CHAPTER 33: FOUR-LEGGED THESPIANS
Why it might be wise to reconsider writing a
furry thing into your script: costs, problems,
and how to get around them.
CHAPTER 34: CHILDREN IN FILMS: LITTLE THINGS COST A LOT
The costs and problems related to hiring children
for your production that Producers consider
even as they read your Submission Script.
CHAPTER 35: FLASHBACKS, MONTAGES, QUICK CUTS, SERIES of
SHOTS, INSERT SCENES
When to use them, the differences between them,
and how they look on the written page.
CHAPTER 36: CHARACTER NAMES & NAMING CHARACTERS
What happens when a character changes names in
the middle of your story?
CHAPTER 37: O.C., O.S., V.O.
The differences between speaking off-camera,
off-screen, and voice-over.
CHAPTER 38: NAME CALLING
All dialogue must have a name over it. You need
to know why.
CHAPTER 39: DIALOGUE (CONT'D)
What to do when dialogue is interrupted by
narrative or continues onto the following page.
CHAPTER 40: DOUBLE TALK: TWO CONVERSATIONS AT ONCE
How it looks on the page when two characters
onscreen speak at the same time.
CHAPTER 41: (DIALOGUE DIRECTION)
There's a reason for the space which is under the
character's name and over their dialogue.
CHAPTER 42: PHONE CONVERSATIONS
What the crew needs you to tell them in order
to create a phone scene for you.
CHAPTER 43: INTERCUTTING PHONE SCENES
How to set up the scenes and move from one of
them to the other.
CHAPTER 44: DIALOGUE: TALKING THE TALK
Tips that will help you achieve the most
believable dialogue possible.
CHAPTER 45: TRUE STORY OF DOTS & DASHES
Three dots mean one thing on a script page and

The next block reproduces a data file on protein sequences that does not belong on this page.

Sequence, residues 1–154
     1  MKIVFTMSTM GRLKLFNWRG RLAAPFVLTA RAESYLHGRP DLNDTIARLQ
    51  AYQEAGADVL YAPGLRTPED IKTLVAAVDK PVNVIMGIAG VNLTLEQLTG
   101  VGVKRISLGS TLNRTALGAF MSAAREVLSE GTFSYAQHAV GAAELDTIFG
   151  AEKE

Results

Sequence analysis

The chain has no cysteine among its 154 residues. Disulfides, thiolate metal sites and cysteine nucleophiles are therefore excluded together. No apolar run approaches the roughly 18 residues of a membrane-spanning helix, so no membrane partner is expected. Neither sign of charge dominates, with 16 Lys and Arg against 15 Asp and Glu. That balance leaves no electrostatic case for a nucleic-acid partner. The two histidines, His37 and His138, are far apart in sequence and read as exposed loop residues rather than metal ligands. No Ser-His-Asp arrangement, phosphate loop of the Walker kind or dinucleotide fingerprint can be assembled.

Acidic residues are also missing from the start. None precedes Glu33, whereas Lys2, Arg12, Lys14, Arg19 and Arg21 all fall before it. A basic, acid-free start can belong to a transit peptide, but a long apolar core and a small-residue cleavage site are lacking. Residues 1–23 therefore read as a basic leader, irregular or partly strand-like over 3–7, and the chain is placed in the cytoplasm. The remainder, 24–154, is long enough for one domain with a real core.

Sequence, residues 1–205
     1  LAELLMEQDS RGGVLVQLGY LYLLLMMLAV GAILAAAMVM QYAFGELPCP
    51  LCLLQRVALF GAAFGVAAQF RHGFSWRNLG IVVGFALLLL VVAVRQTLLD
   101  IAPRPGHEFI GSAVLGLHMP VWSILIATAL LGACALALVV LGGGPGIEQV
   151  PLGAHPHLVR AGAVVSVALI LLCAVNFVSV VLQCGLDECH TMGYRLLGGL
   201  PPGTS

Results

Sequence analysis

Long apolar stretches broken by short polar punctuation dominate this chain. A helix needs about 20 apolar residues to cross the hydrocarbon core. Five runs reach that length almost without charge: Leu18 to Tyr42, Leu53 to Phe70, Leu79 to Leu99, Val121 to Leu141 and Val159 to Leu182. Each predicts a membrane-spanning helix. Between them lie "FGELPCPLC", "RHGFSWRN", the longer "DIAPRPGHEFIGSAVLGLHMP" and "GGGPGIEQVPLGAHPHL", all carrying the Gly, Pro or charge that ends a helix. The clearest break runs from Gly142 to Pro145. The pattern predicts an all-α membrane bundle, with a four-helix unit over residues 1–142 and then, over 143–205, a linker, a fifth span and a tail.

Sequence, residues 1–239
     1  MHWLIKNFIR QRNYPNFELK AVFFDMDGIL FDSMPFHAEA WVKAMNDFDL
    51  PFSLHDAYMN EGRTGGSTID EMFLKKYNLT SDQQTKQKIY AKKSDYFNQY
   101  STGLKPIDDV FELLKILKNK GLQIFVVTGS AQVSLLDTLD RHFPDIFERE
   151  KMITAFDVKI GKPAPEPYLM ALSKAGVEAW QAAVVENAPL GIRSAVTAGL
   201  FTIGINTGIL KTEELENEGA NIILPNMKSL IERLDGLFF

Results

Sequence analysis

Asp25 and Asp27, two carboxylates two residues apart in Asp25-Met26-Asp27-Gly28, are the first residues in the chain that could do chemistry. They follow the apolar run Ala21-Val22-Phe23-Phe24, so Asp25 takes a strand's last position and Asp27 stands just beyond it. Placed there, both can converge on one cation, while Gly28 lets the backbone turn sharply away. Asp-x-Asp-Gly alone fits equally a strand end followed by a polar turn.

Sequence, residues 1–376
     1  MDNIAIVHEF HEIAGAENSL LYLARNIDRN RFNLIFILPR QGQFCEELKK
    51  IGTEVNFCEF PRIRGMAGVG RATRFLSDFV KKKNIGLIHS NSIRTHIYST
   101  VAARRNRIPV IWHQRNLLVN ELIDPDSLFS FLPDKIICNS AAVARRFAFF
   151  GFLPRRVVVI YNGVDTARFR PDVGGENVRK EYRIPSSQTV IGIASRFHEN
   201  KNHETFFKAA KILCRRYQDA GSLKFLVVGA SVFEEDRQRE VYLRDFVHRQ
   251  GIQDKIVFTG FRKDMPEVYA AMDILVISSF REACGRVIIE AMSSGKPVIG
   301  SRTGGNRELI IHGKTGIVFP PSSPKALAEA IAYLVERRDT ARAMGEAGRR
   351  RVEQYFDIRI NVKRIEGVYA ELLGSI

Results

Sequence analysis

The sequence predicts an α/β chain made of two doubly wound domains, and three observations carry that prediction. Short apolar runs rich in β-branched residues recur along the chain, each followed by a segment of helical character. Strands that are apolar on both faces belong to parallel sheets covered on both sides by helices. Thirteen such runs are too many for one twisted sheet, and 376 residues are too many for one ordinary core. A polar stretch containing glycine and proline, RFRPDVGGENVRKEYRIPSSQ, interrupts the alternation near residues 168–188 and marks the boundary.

a dash means something entirely different.
CHAPTER 46: GET THE PICTURE?
Talking to the crew in their own insider
language so that they, too, "get the picture".
CHAPTER 47: EXPOSING EXPOSITION
How to get characters in your script to
convey something to an audience that everyone on
screen already knows.
CHAPTER 48: JUST PUT IT ON THE TAB
The reason tabs are set the way they are, and
why you should care.
CHAPTER 49: TO CUT OR NOT TO CUT?
Should you use CUT TO? Who says?
CHAPTER 50: ENDING YOUR SCRIPT PAGE
How you end your script page tells your
reader whether or not you're a pro, a wanna-be,
or a forget-it.
CHAPTER 51: "CONTINUED"--IT ISN'T OVER 'TIL IT'S OVER
Despite what you hear, there's a real reason
why the word "continued" is needed in your
CHAPTER 52: Q: HOW LONG IS A SCREENPLAY?
A: ELEVEN INCHES
The reason why some people want scripts that
run 120 pages--and how to break the rule.
CHAPTER 53: HE HASN'T FELT SO GOOD SINCE HE EDIT
The importance--and the difficulty--of editing
your own script.
CHAPTER 54: PRACTICE SAFE SCRIPTS
Important Writers Guild of America information.
PART III MARKETING
CHAPTER 55: TO AGENT OR NOT TO AGENT:THAT IS THE QUESTION
Why it may not be in your best interest to look
for an agent--until you've made a sale!
CHAPTER 56: CONSUMMATE QUERY, THE
What makes up the perfect query letter?
CHAPTER 57: A WRITER'S TRACKING DEVICE
A system for keeping track of where to send
queries, treatments, and other data. Your personal
CHAPTER 58: WHAT'S A RELEASE FORM?
Information on its risks and protections.
CHAPTER 59: ONE PAGE
Two examples of a "one page" to send with your
signed Release Form to production companies.
CHAPTER 60: HOW TO OPTION A STORY & ADAPT A BOOK
There are many ways to structure a deal so that
you can tell someone else's story.
CHAPTER 61: REJECTION
It's a fact in a writer's life, but what does
it really mean?
CHAPTER 62: WRITERS GROUPS
They can serve a real purpose, or they can make
you feel like swamp gas.
PART IV FILM FESTIVALS
All 250 of 'em!
PART V JOBS IN THE INDUSTRY
Who's Who--Doing What?
PART VI TELEVISION
*For Sale: One Movie-of-the-Week, Like New
*It's All in the Timing
*How Many Pages in a Television Script?
PART VII AFFAIRS OF THE HEART
*To Market, To Market To Buy--What?
*When Did The Madness Begin?
*Upside Down, Wrongside Out: Who Really Knows?
CARE OF DREAMS
BARROW, BARROW & JONES